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Audimeter - Patented electronic device, (a.k.a. "the little black box") used by the A.C. Nielsen Company (now called Nielsen Media Research) to monitor what television programs a viewing household is watching at any given moment.

Originally designed to attached to radios, the Audimeter was placed into households nationwide to record the listening/viewing patterns. No household is a member for more than five years with 20% of the participants removed from the program each year.

"The Audimeter is designed to record with a stylus on moving tape every twist of the radio switch and dials. It registers programs received, whether a program was tuned de liberately or found by dial twisting, whether it was heard through the full period, tuned out at any point, or kept on only after unsuccessful search for something better. Eliminating memory and other human fallibilities from listener-interest testing, Audimeters should tell advertisers just what audience he has and precisely what in his program, if anything, drives an audience away. Independent of telephones, the survey should sample the 13,000,000 radio owners who are without phone service.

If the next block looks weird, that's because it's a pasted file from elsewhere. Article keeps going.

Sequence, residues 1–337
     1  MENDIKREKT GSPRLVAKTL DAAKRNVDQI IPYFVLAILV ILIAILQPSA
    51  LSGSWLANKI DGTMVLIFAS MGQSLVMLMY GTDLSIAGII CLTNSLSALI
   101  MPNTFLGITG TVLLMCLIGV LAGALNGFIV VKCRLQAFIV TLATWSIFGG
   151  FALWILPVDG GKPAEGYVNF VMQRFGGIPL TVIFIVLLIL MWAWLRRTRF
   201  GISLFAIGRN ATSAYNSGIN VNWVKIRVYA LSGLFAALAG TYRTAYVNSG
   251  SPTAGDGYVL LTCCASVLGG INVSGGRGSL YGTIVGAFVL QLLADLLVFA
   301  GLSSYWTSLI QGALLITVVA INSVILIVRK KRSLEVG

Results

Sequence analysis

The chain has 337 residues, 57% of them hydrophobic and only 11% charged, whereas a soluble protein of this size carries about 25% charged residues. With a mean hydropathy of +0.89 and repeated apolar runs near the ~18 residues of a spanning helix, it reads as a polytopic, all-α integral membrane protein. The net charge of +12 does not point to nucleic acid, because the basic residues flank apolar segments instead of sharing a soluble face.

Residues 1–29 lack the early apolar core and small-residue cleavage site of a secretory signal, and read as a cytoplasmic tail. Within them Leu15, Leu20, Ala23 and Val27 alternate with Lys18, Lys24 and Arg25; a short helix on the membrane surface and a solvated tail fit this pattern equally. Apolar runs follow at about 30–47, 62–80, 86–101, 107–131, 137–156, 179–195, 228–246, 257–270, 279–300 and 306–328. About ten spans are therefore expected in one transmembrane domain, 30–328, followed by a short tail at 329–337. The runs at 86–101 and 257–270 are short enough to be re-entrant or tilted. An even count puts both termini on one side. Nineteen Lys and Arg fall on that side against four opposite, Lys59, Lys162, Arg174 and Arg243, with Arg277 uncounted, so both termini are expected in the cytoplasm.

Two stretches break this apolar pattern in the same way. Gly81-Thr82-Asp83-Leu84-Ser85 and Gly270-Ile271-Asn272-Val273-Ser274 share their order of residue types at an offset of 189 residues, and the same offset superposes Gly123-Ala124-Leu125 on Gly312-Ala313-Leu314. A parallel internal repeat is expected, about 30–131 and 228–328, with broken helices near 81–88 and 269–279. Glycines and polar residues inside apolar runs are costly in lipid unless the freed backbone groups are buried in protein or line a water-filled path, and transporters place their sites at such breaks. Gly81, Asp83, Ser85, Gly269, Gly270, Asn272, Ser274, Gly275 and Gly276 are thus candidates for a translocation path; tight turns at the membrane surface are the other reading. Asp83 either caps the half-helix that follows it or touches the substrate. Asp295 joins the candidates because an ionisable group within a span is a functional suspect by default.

-- Time, May 16, 1938

The Audimeter was originally invented by Louis Woodruff in 1930 to record what radio station any particular household was tuned into. The first television monitoring was done in September, 1950.

As of September 1, 1987, the traditional Audimeter was replaced by a more complex unit called a "People Meter" which determined additional viewing factors such as sex and age.

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